The directions of the priest to the worshipper were all spoken and audible.  The offerings, their amounts, the generosities and the frugalities were plain to be seen and heard.  You can imagine these exchanges being more like a loud check-out counter at a grocery store than a quite private passing of the basket.

So Jesus takes notice of her gift.  She puts in two small coins (leptas in Greek).  These were the smallest coins in circulation.  The Lepta was 1/64 of a denarius.  A denarius, you will remember was equivalent to a day’s wage.  And Mark, likely for the benefit of his Roman readers, let’s us know that two leptas equal one quadran, or translated in our Bibles as one “Penny.”  In purely financial terms the value of her offering was negligible.  But it does give Jesus an occasion to talk about what New Testament Exegete Dr. James Edwards has termed “the divine exchange rate.”  Jesus summons the disciples.  An important moment in your teaching has arrived.

He begins his teaching with his famous “I tell you the truth…” in the King James, “Verily I say unto you…”  And then he explains the “divine exchange rate.”  This poor widow has put more into the treasury then all the others, for they gave out of their wealth; but she, out of her poverty put in everything—all she had to live on.

The divine exchange rate—the value of the gift is not the amount given, but the cost to the giver.  As a result that which made no difference at all in the economy of the temple, and not worth writing in the books of the temple treasury is immortalized forever in the book of life.  In Greek, before any periphrastic translating is done, the pericope ends with the simple phrase in verse 44, “She put in all of her life.”

As we approach the end of Mark’s gospel in lectionary year B we encounter the keystone in Mark’s arch of faith.  The widow is a model disciple, who gives all she has.  She lays down her whole life in offering, that is what Jesus will do on Golgotha.  This widow writes the preface to the passion narrative to follow.  And it has to be maddening to the pure practice of this brand of self-sacrifice to witness those who put on the cloak of religiosity for their own advantage.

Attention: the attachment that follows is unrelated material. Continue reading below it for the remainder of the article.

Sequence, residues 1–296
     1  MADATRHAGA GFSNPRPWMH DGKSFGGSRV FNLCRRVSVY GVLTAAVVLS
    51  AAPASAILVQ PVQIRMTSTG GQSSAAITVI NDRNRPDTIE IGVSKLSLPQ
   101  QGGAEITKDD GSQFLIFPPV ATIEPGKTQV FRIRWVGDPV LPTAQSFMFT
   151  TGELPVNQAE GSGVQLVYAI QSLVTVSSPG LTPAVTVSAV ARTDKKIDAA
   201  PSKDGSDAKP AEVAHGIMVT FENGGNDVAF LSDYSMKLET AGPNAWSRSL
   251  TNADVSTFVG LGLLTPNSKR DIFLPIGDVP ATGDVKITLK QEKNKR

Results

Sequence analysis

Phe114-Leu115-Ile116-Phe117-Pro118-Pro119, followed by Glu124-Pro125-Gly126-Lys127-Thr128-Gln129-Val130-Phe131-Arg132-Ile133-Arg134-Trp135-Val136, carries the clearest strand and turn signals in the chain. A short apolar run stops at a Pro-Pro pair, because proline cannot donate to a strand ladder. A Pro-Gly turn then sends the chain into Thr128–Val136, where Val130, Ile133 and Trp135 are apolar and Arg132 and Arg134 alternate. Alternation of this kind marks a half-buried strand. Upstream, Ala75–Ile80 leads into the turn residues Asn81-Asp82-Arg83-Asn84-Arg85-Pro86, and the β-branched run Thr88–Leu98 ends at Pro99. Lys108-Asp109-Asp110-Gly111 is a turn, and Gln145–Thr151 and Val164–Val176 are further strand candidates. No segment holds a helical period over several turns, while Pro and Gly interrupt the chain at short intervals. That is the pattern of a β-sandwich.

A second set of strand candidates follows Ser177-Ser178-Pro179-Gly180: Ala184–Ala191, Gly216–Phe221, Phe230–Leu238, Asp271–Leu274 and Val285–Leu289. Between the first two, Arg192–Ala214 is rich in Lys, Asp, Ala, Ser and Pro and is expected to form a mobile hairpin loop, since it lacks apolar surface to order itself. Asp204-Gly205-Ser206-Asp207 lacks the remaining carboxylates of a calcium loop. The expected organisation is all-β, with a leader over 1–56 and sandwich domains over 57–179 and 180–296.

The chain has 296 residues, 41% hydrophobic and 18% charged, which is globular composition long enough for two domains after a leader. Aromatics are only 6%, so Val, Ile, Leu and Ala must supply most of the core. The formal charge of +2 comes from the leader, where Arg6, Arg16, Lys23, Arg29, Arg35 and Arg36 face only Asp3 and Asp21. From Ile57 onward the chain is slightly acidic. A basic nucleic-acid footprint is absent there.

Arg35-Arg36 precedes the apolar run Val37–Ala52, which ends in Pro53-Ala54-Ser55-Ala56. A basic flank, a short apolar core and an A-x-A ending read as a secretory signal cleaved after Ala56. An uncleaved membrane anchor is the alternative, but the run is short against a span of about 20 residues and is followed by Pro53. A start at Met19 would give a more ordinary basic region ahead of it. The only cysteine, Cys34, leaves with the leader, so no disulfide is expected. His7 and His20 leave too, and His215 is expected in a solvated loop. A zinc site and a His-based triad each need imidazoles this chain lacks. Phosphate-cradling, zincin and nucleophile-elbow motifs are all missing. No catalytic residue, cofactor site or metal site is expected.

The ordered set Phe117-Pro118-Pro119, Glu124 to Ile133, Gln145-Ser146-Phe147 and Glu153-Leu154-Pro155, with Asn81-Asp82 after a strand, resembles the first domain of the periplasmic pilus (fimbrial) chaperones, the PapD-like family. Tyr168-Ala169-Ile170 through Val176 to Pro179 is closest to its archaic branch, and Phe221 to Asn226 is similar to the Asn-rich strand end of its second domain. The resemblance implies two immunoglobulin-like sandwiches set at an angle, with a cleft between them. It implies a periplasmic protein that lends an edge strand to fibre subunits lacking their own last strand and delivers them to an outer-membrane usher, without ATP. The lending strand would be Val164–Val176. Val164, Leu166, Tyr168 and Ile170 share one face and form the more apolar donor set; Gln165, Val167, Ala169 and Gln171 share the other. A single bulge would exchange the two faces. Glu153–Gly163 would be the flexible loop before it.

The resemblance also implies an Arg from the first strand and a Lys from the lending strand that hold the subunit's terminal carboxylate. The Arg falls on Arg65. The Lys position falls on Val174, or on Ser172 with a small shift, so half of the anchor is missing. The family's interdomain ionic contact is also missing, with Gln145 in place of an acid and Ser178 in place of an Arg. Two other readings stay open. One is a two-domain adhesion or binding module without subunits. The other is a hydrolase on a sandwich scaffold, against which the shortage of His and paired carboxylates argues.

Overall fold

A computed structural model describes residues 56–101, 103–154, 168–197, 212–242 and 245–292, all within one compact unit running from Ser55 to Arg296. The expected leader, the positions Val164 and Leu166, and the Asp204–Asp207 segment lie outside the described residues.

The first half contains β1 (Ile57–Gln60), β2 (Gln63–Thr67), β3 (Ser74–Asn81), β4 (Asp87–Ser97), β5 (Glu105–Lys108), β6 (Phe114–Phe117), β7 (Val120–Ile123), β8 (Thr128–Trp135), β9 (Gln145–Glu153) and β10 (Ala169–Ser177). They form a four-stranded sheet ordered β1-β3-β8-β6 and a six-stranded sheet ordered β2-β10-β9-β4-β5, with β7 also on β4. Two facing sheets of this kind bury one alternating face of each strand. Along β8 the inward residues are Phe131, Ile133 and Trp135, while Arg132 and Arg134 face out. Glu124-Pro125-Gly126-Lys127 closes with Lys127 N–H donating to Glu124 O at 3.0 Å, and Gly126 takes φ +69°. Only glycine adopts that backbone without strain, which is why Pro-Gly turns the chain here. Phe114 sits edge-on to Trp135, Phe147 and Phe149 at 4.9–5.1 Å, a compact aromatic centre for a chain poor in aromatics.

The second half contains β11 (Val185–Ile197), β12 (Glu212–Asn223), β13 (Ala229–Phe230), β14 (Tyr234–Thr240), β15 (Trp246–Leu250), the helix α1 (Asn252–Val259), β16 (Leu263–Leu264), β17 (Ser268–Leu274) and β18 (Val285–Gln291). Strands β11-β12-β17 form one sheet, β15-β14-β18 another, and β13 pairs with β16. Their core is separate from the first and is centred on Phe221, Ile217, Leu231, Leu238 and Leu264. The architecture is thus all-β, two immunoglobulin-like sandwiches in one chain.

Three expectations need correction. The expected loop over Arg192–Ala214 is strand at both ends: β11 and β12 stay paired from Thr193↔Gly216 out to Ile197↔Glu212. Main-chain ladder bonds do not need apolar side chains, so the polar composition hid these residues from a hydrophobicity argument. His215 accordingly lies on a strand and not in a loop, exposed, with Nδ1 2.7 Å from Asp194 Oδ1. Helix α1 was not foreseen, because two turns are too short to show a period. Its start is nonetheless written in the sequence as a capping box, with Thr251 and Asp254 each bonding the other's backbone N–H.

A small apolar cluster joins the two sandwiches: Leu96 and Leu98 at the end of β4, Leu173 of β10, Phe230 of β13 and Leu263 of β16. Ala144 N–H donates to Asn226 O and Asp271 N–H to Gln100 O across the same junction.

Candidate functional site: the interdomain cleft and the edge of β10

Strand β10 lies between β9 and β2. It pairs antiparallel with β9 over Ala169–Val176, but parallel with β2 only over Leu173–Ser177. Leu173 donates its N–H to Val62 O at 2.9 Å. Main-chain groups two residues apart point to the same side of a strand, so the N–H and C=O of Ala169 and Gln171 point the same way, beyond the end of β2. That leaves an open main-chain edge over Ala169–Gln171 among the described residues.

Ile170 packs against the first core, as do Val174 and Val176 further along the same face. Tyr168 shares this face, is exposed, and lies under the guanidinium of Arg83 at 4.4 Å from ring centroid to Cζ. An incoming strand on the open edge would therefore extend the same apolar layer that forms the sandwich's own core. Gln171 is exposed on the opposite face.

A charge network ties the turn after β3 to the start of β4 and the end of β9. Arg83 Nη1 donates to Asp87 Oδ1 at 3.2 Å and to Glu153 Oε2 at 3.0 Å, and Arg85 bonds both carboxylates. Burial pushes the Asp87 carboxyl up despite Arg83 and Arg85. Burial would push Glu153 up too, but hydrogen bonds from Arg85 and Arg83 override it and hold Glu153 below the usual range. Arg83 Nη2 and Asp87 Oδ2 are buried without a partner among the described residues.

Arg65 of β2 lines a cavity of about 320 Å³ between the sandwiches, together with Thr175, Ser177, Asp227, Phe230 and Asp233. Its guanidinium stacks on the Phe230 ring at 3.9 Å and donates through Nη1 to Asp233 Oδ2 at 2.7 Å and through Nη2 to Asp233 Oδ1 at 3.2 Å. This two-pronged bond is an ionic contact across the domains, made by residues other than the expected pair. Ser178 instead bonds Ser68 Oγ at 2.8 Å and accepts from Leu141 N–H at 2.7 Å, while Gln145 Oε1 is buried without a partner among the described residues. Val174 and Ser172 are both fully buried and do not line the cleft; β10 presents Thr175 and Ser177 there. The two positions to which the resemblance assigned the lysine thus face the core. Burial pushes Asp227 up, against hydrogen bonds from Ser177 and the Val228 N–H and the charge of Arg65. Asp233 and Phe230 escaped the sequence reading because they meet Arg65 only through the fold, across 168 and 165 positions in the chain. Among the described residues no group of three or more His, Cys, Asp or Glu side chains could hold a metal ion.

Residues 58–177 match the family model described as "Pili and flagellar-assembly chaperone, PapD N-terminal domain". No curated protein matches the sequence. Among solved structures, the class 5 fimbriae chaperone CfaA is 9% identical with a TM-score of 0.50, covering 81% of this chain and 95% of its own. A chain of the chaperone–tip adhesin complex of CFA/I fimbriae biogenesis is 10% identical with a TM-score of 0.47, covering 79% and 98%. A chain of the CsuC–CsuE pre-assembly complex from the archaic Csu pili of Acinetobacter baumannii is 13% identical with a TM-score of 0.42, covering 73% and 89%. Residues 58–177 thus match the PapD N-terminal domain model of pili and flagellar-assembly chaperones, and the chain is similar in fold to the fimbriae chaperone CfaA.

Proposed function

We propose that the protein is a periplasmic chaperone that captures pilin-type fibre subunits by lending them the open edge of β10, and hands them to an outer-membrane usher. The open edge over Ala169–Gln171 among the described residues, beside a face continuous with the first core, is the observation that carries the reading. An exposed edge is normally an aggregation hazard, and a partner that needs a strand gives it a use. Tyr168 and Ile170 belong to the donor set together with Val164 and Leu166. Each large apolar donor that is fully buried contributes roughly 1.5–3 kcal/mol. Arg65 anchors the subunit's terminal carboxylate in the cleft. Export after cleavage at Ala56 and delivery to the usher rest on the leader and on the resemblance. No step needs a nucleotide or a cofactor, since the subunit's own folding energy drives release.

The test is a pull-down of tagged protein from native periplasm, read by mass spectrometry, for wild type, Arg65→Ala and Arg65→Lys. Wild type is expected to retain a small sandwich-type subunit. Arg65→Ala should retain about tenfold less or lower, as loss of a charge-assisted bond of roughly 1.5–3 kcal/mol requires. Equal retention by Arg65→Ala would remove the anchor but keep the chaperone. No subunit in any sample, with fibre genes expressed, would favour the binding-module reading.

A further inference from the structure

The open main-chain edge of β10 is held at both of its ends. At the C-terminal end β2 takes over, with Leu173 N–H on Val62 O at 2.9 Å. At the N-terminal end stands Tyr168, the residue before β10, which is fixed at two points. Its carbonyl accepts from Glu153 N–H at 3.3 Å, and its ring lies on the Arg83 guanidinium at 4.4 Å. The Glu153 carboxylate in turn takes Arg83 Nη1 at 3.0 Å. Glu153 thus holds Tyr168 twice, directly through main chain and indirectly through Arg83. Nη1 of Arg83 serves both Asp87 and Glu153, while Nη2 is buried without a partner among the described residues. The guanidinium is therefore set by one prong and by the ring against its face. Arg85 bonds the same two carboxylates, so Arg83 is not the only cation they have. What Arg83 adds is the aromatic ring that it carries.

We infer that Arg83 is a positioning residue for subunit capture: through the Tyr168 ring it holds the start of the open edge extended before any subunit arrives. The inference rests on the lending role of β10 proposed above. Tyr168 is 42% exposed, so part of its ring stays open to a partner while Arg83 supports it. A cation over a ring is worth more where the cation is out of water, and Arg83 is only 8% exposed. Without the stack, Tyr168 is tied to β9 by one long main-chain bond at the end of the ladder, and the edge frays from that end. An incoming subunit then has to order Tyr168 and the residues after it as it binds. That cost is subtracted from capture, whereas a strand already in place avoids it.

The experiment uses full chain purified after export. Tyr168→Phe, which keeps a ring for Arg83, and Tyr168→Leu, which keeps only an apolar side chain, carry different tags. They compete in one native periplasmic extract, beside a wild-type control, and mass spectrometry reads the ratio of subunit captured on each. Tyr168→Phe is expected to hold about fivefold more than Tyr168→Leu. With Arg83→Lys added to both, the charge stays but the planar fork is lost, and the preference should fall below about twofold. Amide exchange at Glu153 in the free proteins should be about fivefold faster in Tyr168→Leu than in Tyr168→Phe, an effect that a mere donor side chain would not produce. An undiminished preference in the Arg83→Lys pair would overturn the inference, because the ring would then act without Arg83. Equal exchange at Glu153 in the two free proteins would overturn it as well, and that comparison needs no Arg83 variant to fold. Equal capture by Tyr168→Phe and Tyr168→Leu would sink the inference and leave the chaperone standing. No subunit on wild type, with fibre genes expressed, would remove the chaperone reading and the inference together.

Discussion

Cameron, this sermon is going to be on the internet.  If you can hear it, I want you to know that my name is Jesse, and I have three kids.  Two of them went trick or treating (the third is too old), but we didn’t get much candy.  Some people were too flooded out of their homes to worry about passing candy out to trick or treaters in our neighborhood, and there were some places not safe to go.  We were lucky though, one of our neighbors who had a generator when all the power was out threw a Halloween party–so we had a good time anyway.

Other children didn’t go trick or treating at all.  They spent the night helping mom and dad pick up the debris that littered their yard, or to scrape the sludge of their floors.  You were right to think about us.  Thanks for using your time to trick or treat not to get candy for yourself but to get candy for others who couldn’t. And Cameron I felt pretty special–sending out truck after truck full of disaster relief supplies from our warehouse at 131 Akron street.  I felt important when my phone kept ringing and I was able to say Sure, come get what you need, or when my van was overflowing with food, or when I was accepting big checks.  But Cameron I gave out of my great abundance this past week, but you gave out of your love.  That’s really special.  You keep that up.  This morning I took a picture with your Halloween candy, and I am going to send it to you.  Because in some ways you gave more than all the others, and when you did, you were a model disciple for the glory of God.